Tag Archives: travel

155: Sundays Of A Different Kind

4 Jun

This was spent sitting on a wooden seat at St. Patrick’s Church during Sunday mass, taking in Sunday mornings from a different perspective. 

It was followed by this debauchery with R, over conversations, laughter, reminiscing, and joy. 

Apt for a Bangalore Sunday morning after a long time. :)

Now on to the match!

152: Homeward Bound

1 Jun

I’m off to Bangalore for a short while, dear friends. It’s a break I have been looking forward to, naturally, and now that it’s time to leave (yes, I’m writing this after my successful book hunt at the airport – I picked up Maharani Gayatri Devi’s memoirs), the wait has become even more unbearable. What once used to take us days to reach by train, now takes us not more than 3 hours – we’re fortunate; but now even these three hours feel like a lifetime. My check-in was smoother than I’d imagined at this hour – and everything went off with a happy, genuine smile from both sides – from the lady at the check-in counter to the lady at security check to my coffee waitress. It’s a great way to begin a day, that’s for sure.

I hope to be able to write regularly, but there might be more cheating involved during this period than I’d like to acknowledge. I’m referring to blog cheating and food cheating, of course. Sometimes it is hard to draw the line between these secondary forces that pull me to Bangalore – is it the food, the weather, the memories, the walk back in time?, because the one thing I focus a lot on, is food. I’ll write more about memories on a later post; but food really seems to take precedence. Going back to what I was saying is that I hope I can maintain this venture while I’m busy stuffing my face with the madness Bangalore has to offer.

See you on the other side, dear reader! Have a pleasant and colourful June! :)

96: If I Could…

6 Apr

…I’d wish for this. 

45: Travelling Then, And Now

14 Feb

Travel back then meant being excited right from when the trip was planned all the way till we said our byes to each other once our return journey was done and dusted. Travelling back then also meant waiting with more impatience and fervour than with bated breath. I used to especially love the entire process of packing my bags once I’d figured out whatever it is that I wanted to take along with me. Earlier on, it also used to involve picking the best mixed tapes to keep me company. Later when tapes gave way to discmen, MP3 players and then onto just a playlist, it still did matter what got on to a holiday and travel list, and what didn’t. All in all, there was a lot to do and it was done with a zeal and energy which was contagious.

Today is a different story. Travel today means to ensure everything is in place, taken care of, organized, and settled before I can even begin with my packing. By the end of it all, I really want to get done with the day, get a good night’s sleep and proceed on to D-Day. I don’t really enjoy packing anymore, unpacking even more. Maybe I’m just inherently lazy. And I procrastinate like crazy – a lot of what can be done earlier is kept till the last minute, such as – getting our laundry done, clearing the fridge out, getting pre-cooked meals in place, and what have you. All this looks so idealistic and pretty in mind; but seldom is achieved.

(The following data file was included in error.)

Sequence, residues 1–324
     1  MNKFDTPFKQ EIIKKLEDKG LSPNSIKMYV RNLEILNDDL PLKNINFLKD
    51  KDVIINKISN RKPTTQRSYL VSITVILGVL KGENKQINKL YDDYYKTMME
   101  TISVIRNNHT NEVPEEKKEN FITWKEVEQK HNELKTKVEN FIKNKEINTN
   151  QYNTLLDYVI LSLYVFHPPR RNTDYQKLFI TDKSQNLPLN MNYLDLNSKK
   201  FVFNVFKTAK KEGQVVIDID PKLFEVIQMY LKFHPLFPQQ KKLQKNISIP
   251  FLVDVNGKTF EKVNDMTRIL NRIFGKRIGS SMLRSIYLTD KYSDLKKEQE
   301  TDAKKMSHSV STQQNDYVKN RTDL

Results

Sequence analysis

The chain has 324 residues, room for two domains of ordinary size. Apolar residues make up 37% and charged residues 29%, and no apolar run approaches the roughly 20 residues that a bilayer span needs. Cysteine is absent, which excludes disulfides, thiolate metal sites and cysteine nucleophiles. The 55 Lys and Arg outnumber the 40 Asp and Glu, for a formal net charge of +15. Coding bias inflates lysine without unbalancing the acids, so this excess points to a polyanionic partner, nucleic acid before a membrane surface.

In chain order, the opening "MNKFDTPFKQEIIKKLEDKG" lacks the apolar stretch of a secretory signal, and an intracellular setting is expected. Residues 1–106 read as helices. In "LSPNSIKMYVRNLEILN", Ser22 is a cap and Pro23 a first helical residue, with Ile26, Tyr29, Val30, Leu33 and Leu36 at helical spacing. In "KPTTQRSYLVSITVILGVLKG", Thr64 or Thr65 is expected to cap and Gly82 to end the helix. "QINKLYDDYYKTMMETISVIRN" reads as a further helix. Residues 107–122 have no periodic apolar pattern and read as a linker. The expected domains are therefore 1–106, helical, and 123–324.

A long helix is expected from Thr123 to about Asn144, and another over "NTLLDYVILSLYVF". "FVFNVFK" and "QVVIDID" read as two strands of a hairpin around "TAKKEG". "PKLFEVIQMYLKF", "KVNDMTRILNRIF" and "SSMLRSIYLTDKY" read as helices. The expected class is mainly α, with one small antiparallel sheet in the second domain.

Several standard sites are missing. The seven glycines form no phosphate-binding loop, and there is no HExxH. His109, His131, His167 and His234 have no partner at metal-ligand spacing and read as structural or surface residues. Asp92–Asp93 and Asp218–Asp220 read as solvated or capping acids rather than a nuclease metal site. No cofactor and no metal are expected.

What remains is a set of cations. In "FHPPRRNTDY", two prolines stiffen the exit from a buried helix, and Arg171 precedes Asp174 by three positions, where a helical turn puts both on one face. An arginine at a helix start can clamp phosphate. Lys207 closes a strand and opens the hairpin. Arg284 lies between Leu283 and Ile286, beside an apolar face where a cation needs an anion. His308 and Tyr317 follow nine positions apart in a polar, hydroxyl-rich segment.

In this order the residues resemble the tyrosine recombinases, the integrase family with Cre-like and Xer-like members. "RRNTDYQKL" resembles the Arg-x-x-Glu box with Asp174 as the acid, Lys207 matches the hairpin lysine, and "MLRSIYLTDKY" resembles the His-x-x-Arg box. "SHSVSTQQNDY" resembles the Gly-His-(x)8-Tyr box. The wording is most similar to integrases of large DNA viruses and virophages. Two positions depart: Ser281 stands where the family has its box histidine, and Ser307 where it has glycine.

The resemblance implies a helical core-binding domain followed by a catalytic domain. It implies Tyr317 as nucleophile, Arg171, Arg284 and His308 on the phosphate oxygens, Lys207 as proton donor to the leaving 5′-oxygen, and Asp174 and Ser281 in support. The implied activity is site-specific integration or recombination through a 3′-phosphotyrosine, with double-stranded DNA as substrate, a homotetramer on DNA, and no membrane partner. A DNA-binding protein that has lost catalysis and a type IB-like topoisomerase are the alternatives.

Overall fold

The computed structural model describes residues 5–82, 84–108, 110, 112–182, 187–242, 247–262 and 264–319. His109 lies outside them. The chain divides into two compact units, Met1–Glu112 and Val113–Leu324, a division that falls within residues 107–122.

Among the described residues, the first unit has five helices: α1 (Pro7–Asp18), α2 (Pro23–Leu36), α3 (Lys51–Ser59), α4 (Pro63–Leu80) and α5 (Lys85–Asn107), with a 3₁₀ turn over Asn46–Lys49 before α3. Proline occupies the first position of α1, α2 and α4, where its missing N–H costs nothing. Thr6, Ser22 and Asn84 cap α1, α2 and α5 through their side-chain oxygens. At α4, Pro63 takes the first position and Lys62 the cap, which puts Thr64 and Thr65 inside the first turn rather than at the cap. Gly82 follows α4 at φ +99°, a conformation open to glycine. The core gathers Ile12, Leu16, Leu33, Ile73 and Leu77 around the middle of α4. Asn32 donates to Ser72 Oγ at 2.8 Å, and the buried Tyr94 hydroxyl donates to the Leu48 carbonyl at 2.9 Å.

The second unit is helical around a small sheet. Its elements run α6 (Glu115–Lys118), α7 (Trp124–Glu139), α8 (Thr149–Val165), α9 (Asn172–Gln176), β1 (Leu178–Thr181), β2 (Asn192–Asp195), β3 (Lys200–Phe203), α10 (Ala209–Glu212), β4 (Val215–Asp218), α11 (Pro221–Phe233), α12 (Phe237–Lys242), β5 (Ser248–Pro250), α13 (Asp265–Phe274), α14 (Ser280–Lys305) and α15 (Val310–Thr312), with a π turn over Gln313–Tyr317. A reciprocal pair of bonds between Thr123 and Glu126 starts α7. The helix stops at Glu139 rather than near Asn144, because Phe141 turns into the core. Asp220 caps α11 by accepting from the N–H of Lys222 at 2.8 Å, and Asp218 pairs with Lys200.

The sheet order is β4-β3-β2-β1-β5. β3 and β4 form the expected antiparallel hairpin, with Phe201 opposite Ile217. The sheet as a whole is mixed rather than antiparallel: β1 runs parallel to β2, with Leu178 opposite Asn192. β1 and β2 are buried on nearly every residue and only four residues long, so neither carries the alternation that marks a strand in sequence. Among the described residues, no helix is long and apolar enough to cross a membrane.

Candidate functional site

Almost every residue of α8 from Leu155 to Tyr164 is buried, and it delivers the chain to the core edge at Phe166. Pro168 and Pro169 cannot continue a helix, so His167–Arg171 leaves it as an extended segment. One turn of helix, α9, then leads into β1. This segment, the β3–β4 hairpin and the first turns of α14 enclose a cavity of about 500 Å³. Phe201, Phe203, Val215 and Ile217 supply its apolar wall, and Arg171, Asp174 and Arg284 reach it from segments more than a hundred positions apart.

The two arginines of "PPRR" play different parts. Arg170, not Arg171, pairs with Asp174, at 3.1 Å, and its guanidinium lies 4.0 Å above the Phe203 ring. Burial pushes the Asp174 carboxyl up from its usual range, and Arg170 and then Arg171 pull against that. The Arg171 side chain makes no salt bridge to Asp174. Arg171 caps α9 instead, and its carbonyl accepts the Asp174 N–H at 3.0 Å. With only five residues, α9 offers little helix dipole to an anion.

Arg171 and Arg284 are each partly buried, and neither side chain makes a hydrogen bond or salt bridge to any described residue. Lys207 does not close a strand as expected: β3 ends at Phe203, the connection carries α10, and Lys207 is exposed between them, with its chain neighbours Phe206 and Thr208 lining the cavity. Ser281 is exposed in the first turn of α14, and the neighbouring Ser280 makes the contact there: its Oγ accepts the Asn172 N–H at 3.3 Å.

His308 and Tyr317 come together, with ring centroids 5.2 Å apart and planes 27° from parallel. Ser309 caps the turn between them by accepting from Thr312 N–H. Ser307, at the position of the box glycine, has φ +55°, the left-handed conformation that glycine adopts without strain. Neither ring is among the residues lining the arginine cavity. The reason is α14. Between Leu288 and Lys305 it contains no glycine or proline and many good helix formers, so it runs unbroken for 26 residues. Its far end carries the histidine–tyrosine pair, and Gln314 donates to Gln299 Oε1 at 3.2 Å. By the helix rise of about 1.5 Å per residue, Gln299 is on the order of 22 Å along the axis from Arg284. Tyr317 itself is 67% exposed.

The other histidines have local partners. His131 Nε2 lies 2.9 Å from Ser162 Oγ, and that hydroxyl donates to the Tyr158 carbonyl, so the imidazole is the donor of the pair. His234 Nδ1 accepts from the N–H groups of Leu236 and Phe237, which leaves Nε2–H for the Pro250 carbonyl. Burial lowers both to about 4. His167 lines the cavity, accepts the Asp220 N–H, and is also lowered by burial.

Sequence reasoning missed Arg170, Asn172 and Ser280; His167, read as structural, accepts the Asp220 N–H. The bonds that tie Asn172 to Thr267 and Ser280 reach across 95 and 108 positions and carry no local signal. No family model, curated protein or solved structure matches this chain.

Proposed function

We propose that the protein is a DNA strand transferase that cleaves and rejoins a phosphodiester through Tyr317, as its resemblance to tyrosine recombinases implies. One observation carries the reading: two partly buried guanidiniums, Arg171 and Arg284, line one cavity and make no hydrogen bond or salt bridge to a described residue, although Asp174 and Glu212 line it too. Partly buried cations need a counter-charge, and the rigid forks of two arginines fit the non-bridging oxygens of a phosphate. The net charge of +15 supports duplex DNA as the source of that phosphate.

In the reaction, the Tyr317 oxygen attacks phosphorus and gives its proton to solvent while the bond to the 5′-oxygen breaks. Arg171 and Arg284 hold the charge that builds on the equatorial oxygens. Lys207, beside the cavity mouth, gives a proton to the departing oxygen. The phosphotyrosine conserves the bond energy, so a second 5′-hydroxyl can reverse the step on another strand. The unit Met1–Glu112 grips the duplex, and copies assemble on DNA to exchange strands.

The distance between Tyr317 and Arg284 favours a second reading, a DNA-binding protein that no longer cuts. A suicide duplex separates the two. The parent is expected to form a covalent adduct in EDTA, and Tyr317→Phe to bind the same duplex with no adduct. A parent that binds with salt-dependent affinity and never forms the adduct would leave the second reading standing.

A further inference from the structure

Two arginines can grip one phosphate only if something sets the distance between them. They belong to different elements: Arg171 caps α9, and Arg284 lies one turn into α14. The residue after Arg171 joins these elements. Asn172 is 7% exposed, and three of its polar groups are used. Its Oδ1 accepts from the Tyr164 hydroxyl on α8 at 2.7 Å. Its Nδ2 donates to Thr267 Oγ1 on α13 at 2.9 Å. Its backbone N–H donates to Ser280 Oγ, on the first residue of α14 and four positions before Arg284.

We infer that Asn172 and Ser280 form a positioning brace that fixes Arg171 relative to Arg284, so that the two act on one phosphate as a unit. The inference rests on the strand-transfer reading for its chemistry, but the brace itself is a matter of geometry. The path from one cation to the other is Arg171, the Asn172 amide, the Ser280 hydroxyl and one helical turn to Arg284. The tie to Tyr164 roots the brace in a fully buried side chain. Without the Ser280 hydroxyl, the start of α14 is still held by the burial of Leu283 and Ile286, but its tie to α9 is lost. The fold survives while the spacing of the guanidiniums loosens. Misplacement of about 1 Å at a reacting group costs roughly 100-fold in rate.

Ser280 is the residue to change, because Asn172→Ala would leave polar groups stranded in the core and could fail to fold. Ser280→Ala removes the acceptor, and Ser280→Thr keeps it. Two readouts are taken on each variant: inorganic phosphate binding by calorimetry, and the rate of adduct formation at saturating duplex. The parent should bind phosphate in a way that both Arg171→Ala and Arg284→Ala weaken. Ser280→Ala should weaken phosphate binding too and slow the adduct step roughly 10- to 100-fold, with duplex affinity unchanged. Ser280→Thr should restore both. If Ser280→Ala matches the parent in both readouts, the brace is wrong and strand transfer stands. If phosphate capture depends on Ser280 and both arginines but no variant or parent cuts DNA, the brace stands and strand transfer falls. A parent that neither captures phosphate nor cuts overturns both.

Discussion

I remember the first time I left my marital home – I’d gone out of my way to ensure A had enough and more to eat. Of course he regressed to his bachelor days leaving more of it to lie in the fridge, which back then was surprising, but today I’m thankful…because I don’t have to do as much anymore. It’s easier to draw the line, go on a holiday, and not think too much about the many things I should’ve, could’ve or ought to have done. But here I am, ready for some travel (my bags are still not packed), but more at ease than when I first got married. The housework’s more or less taken care of, and I’ve left the rest up to A to handle…equal responsibilities no? *evil grin*

During this time I hope to not be as MIA as last week, and I hope to be more disciplined. But the thing about travelling is just that – there’s no time to do the regular stuff. :P All I really can think about at this very moment is to get into bed and catch a wink or two before it’s time for the next lot of stuff that needs wrapping up before the lady of the house puts her heels up. :)

I’ll see you on the other side, dear reader. A very happy Valentine’s Day to you too. :)

37: Blogging On The Go

6 Feb

I’ve never done it before…you know, whisking my phone out and swiftly typing a post out. Not only do I find it cumbersome but I think I’m just not used to it. There’s so much to say and it feels like writing it out on the phone won’t do justice to the space I need – it’s weird. However, with this commitment in mind, I wasn’t left with too many alternatives; therefore there were times when I penned my posts down and kept them for a decent internet connection to publish, and there were times when I’ve posted in retrospect.

What I do find with posting on the go is that I don’t like it. Technological convenience and ease aside, staring into my phone when I’m on the go makes me feel foolish and wasteful – why travel even when you’re lost in your phone, is what I ask myself. It takes away the moment, the experience, the fullness that encompasses being on the go.

For someone like me who finds it hard to keep her phone away, it’s a balance I’m trying to strike between this challenge and being in the moment. After all, apart from the fact that it isn’t easy for me to write on the go at all, other factors such as a decent network connection and just plain being busy become real obstacles in being up to date with this challenge.

This was my first experience trying to juggle the two – sometimes I tried, and sometimes I let go. But mostly, I let go. Being in the moment won hands down. :) Pardon me for being MIA when on holiday; it’s just the way it ought to be. :)

36: Agra

5 Feb